Fredric March was a well-known actor in Hollywood throughout the 1930s and 1940s. He is best known for his dual portrayal as Dr. Jekyll and Mr. Hyde in the horror classic ‘Dr. Jekyll and Mr. Hyde,’ for which he earned the Academy Award for Best Actor. He was a well-known stage performer before branching out into film, and he won two Tony Awards. His passion for acting began when he was a child and he aspired to be a famous actor. After graduating from the University of Wisconsin–Madison, he decided to pursue a career as a banker. He re-evaluated his life after a significant health issue and subsequent recuperation, and he went on to follow his acting goals. He began his career as an extra in movies and eventually made his Broadway debut. He was able to establish himself as a successful stage actor thanks to his polished good looks and natural ability for acting. Soon after, he moved into film, appearing in a number of famous films based on theater plays and novels. He was a dynamic actor who succeeded in a range of parts and also appeared on television at the end of his long career.
Childhood and Adolescence
Ernest Frederick McIntyre Bickel was born in Racine, Wisconsin, on August 31, 1897, to Cora Brown Marcher, a schoolteacher, and John F. Bickel, a wholesale hardware salesman.
He attended Winslow Elementary School for his elementary education and graduated from Racine High School. He went on to acquire an economics degree from the University of Wisconsin–Madison, where he was a member of the Alpha Delta Phi honor society.
As a child, he was interested in performing, but after finishing his studies, he decided to seek a more solid career.
The Career of Fredric
His first job was as a teller at First National City Bank. However, a significant health issue forced him to reconsider his life choices. A ruptured appendix necessitated an emergency appendectomy, which nearly killed him. After recovering from his injuries, he understood that life is fleeting and chose to pursue his acting goals.
In 1920, he relocated to New York and began working as an extra in movies. At the start of his acting career, he went under the stage name Fredric March. He made his Broadway debut in 1926 and went on to have a long and successful career as a theatrical performer.
His performance in the satirical play “The Royal Family” drew the attention of Paramount Pictures, which saw his promise and signed him to a five-year deal. In 1930, he received his first Academy Award nomination for his role in the film adaptation of ‘The Royal Family of Broadway.’
In 1931, he played Dr. Henry Jekyll / Mr. Edward Hyde in the film ‘Dr. Jekyll and Mr. Hyde,’ receiving critical acclaim for his portrayal. During the 1930s, he rose to the status of a superstar thanks to a run of hits.
He declined to sign a long-term contract with any studio once his contract with Paramount Pictures expired, preferring to work on a freelance basis. ‘Design for Living’ (1933), ‘Death Takes a Holiday’ (1934), ‘Les Misérables’ (1935), ‘Anthony Adverse’ (1936), and ‘A Star is Born (1937) were among his many famous pictures throughout the 1930s.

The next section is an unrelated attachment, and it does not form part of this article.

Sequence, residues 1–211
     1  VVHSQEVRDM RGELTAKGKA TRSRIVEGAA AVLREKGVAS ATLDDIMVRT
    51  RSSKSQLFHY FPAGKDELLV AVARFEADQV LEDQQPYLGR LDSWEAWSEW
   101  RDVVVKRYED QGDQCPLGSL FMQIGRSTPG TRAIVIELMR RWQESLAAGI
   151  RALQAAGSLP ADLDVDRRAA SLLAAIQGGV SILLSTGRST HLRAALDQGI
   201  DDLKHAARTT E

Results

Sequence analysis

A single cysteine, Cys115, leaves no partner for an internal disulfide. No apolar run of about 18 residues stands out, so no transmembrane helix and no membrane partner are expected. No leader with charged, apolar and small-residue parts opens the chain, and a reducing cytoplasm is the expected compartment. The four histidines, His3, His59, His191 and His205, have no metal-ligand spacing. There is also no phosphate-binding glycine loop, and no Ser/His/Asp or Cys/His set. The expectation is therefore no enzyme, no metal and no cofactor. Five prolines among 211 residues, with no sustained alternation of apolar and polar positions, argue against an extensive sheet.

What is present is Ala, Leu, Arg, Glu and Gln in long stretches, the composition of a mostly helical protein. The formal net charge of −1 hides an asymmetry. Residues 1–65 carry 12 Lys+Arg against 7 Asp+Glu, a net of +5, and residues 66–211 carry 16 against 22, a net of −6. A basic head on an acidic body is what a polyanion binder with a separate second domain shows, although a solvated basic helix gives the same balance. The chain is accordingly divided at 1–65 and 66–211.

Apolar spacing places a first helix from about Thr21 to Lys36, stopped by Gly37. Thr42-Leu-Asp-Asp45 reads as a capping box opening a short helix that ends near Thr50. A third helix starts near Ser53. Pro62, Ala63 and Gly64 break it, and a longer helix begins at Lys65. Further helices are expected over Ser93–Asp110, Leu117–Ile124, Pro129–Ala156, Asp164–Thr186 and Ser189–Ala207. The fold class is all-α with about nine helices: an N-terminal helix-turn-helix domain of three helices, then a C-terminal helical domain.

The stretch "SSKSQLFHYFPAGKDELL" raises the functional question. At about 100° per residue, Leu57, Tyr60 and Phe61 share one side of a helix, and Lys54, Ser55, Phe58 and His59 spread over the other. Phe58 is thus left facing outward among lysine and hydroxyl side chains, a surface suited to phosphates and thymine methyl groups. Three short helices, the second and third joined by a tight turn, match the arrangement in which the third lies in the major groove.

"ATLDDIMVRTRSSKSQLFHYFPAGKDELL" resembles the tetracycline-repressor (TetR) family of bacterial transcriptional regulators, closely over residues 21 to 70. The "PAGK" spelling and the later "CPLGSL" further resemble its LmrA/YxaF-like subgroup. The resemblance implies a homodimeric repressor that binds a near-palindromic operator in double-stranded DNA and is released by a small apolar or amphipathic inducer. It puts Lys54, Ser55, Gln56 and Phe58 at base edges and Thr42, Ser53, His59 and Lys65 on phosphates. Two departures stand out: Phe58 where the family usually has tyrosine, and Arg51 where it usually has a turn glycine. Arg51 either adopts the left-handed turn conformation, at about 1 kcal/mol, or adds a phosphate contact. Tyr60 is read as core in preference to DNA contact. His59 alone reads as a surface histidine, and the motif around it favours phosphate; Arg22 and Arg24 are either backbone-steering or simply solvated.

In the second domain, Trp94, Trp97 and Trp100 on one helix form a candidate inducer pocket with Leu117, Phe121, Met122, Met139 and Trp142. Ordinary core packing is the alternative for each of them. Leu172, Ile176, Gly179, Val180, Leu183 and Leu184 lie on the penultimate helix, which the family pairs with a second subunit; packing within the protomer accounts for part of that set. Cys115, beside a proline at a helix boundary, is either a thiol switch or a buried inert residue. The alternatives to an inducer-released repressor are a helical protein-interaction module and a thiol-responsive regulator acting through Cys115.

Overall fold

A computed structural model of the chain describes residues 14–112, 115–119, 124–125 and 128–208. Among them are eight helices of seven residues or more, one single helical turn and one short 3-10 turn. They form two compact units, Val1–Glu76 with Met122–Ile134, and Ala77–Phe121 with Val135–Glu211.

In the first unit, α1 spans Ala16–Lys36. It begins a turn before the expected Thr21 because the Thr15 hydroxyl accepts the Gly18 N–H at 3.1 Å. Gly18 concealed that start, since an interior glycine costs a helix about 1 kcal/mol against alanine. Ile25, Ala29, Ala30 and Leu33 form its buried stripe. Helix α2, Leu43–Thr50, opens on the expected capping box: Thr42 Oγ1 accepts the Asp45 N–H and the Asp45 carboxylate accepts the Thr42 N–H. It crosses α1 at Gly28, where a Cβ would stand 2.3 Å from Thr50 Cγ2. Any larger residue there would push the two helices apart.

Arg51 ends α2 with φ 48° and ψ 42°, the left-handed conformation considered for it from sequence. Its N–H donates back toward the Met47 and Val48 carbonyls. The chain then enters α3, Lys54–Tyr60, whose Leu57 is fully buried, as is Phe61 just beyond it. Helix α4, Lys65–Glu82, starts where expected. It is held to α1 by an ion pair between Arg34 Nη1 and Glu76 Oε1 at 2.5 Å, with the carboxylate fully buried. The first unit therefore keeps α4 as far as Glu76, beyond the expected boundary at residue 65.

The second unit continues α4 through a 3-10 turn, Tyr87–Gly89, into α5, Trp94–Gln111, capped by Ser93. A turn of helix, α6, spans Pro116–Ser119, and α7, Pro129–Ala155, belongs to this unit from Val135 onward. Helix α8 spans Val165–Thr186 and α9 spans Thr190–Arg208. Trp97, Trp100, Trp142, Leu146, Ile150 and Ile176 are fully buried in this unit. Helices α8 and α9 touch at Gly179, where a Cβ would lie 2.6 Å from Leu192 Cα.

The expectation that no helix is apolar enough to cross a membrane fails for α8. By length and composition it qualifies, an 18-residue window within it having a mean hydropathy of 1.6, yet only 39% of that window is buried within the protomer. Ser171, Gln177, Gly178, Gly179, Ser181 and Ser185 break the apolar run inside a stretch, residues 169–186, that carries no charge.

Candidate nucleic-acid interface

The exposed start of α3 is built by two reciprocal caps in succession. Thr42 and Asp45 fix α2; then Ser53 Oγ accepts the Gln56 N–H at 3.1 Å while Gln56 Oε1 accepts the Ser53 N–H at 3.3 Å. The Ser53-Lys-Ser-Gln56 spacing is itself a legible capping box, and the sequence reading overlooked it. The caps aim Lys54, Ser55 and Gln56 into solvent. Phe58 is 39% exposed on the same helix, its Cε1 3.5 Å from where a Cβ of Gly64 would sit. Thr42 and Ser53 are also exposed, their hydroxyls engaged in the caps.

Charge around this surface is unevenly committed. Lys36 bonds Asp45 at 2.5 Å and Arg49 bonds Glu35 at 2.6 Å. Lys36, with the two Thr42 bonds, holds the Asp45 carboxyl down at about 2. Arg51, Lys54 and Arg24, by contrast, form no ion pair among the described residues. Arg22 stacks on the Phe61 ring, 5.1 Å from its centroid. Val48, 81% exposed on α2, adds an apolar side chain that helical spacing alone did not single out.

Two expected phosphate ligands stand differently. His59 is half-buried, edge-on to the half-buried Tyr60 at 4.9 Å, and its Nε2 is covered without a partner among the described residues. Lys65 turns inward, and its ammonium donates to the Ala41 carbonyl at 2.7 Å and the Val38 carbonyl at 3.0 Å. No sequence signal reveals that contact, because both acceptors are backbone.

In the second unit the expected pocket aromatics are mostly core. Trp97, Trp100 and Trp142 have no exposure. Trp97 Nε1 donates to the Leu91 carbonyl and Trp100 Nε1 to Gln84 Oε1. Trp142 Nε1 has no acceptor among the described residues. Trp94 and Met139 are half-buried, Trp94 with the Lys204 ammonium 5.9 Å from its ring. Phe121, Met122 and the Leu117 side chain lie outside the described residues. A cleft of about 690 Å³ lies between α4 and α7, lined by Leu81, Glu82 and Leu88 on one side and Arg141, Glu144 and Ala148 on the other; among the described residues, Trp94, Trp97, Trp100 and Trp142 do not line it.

In the 1940s, he was still regarded as a superstar. His portrayal of a World War II veteran in the drama film ‘The Best Years of Our Lives’ in 1946 was one of his most well-known roles of the era. His performance in the 1948 film ‘Another Part of the Forest’ was likewise well-received.
Because of his superb features and gentlemanly attitude, he was frequently placed in the typical role of the leading man during his early years. However, as he grew older, he began to play more diverse character roles on stage and in films. He also appeared in the successful plays A Bell for Adano’ (1944) and ‘Years Ago’ (1947) in the 1940s, in addition to his films.
His subsequent career was highlighted by his parts in the films ‘Death of a Salesman’ (1951), ‘The Desperate Hours’ (1955), ‘Inherit the Wind’ (1960), and ‘Seven Days in May’ (1964).
In 1954, he made the transition to television and was nominated for an Emmy Award for Best Single Performance by an Actor for his role in ‘The Best of Broadway.’
In the early 1970s, his health began to decline, and in 1973, he made his final film appearance in ‘The Iceman Cometh.’
His Major Projects
One of Fredric March’s finest performances is in the horror film ‘Dr. Jekyll and Mr. Hyde,’ in which he plays a mild-mannered doctor and a homicidal monster. March was praised for his riveting performance in the picture, which was a commercial success.
In the multi-starrer drama ‘The Best Years of Our Lives,’ his performance as World War II veteran Al Stephenson was well received. The picture earned overwhelmingly good reviews from critics and went on to become one of Hollywood’s biggest commercial successes to that point.
Achievements & Awards
In 1932, Fredric March (tied with Wallace Beery for ‘The Champ’) received the Academy Award for Best Actor for his performance in ‘Dr. Jekyll and Mr. Hyde.’
For the film ‘The Best Years of Our Lives,’ he earned his second Academy Award for Best Actor (1946).
In 1947, he won a Tony Award for his performance in the play “Years Ago,” and in 1957, he won a Tony Award for his performance in the original Broadway production of “Long Day’s Journey Into Night.”
He received The George Eastman Award from George Eastman House in 1957 for his “distinguished contribution to the art of film.”
Personal History and Legacy
From 1921 to 1927, Fredric March was married to Ellis Baker.
In 1927, he married actress Florence Eldridge for the second time. They had two children together and were married till he died in 1975.
In his later years, he battled prostate cancer and died on April 14, 1975. He was 77 years old at the time.
Estimated Net worth
Fredric is one of the wealthiest and most well-known actors in Hollywood. Fredric March’s net worth is estimated to be $4 million, according to Wikipedia, Forbes, and Business Insider.